It’s important to note here that a teen doesn’t have to look excessively thin for a parent to be concerned that they might have an eating disorder, said Golden.
“This is a dangerous category of the patient because they’re often missed by physicians,” he said. “At some point, these patients may have had a real need to lose weight, but things got out of control.”
Never tease teens about their weight.
This seems obvious, but bears repeating since a significant minority of overweight teens say they’ve experienced weight-related teasing from friends or family members. Cruel taunts about weight increase a child’s risk of both being overweight and developing eating disorders and the pain can last into adulthood.
Dianne Neumark-Sztainer, a researcher who focuses on teen health and nutrition, previously told HuffPost that parents should make their homes a sanctuary where kids feel safe from weight-related teasing.
“Our children need to know that they can tell us what happened without receiving advice on how to lose weight,” she said.
What to do instead:
While eating meals together as a family has not been shown to reduce obesity rates, it does improve the nutritional content of a child’s diet and it allows parents to model healthy eating behaviors in front of their children, the report said. One study found that families who eat meals together seven or more times per week eat more fruits and vegetables compared to families who never eat together, and for the kids, this increased intake of fruits and veggies persisted into young adulthood. Another study found that eating family dinners most days during the previous years seemed to protect kids from binge eating, dieting and purging behaviors.
Focus on a balanced diet and exercise ― not weight loss.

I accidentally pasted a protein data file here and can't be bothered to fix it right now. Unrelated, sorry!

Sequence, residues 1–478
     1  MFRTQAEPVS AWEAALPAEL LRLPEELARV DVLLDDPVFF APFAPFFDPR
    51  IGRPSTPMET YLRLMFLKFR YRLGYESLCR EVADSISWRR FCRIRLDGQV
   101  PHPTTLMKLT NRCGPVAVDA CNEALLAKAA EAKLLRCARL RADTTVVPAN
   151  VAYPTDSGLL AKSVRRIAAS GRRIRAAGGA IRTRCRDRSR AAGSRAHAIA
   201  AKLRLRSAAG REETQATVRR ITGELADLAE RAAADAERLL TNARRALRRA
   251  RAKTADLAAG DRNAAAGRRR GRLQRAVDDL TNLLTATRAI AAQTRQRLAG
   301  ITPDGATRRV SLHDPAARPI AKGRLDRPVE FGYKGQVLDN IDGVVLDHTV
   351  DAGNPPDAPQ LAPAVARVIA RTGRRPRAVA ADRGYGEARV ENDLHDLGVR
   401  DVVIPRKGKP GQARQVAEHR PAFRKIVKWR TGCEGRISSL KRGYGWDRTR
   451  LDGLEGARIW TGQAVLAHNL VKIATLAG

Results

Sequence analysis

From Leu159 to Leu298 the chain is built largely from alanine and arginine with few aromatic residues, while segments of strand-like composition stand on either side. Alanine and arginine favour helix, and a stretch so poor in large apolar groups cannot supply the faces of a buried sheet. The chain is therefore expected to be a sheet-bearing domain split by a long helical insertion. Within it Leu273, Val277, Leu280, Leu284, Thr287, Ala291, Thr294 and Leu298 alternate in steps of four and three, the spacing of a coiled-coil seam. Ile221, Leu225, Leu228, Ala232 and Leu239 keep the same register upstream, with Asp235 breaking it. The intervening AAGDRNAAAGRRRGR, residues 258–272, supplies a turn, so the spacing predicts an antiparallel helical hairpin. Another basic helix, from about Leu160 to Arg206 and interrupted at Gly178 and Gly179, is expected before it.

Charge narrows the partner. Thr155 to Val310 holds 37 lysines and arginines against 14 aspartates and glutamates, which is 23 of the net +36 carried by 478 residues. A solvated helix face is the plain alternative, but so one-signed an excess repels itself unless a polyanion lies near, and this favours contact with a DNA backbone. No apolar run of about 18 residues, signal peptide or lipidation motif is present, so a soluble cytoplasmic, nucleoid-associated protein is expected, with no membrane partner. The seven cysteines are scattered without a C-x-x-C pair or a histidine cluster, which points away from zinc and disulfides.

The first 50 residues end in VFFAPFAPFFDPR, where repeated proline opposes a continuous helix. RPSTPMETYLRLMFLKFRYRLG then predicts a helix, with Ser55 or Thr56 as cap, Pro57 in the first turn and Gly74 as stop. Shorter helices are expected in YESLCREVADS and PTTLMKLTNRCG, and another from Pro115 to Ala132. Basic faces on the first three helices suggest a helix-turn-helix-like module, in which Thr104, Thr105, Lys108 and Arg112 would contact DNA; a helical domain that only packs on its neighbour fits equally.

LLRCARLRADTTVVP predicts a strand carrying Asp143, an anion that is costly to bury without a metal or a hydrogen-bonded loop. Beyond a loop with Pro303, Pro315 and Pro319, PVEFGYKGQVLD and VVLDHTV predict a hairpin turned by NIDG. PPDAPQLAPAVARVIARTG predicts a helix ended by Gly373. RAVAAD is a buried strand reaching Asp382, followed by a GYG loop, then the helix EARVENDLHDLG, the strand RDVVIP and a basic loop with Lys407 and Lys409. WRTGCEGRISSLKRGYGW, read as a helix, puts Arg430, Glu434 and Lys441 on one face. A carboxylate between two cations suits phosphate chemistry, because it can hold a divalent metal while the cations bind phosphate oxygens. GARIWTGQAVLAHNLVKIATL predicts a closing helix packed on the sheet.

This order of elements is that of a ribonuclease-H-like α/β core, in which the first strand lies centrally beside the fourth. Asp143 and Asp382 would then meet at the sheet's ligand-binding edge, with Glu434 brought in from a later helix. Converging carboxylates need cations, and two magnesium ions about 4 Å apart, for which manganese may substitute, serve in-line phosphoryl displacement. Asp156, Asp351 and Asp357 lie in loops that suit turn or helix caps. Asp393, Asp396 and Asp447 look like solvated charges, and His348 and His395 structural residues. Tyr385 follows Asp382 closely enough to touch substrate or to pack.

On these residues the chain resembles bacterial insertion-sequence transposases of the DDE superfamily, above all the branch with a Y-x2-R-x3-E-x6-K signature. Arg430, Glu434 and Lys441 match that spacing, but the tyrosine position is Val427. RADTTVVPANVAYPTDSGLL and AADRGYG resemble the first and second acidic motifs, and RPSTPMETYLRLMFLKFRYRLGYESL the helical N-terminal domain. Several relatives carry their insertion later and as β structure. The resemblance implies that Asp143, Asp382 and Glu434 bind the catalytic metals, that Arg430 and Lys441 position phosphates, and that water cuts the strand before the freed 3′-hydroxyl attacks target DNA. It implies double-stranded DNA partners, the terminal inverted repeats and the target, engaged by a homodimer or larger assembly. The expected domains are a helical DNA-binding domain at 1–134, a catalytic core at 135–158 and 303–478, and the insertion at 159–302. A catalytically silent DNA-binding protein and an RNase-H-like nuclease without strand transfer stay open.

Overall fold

Encourage healthy body image by encouraging kids to eat healthfully and exercise for fitness ― not for weight loss. Teens who have these positive influences are more likely to report being happy with their bodies and less likely to say they had weight-related concerns. Kids who are dissatisfied with their bodies, on the other hand, are more likely to develop eating disorders, diet and have lower levels of physical activity.
Create a healthy home environment.
While it may seem from the AAP recommendations that a parent is more hemmed in about what they should or shouldn’t say to encourage a healthy lifestyle in children, the truth is that what a parent does says volumes about the best way to approach eating, exercise and body image.
The report says that parents can create a healthy food environment at home by buying and serving fruits, vegetables, whole grains, beans, and water while keeping artificial sweeteners, sugar-sweetened drinks and refined carbs away. Parents can also encourage physical activity by keeping TVs out of children’s bedrooms. Indeed, health interventions for both obesity and eating disorders are most effective when the whole family is involved in the treatment — not just the child who needs help.
CORRECTION: A previous version of this story reported that eating disorders caused more than 90 percent of hospitalizations in teens. This is mistaken, and we regret the error.